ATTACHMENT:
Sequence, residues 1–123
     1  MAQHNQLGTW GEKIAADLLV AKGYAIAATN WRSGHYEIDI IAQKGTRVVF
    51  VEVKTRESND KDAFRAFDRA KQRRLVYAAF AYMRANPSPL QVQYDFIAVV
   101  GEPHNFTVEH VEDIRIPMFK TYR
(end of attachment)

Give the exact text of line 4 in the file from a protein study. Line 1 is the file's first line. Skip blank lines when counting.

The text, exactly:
   101  GEPHNFTVEH VEDIRIPMFK TYR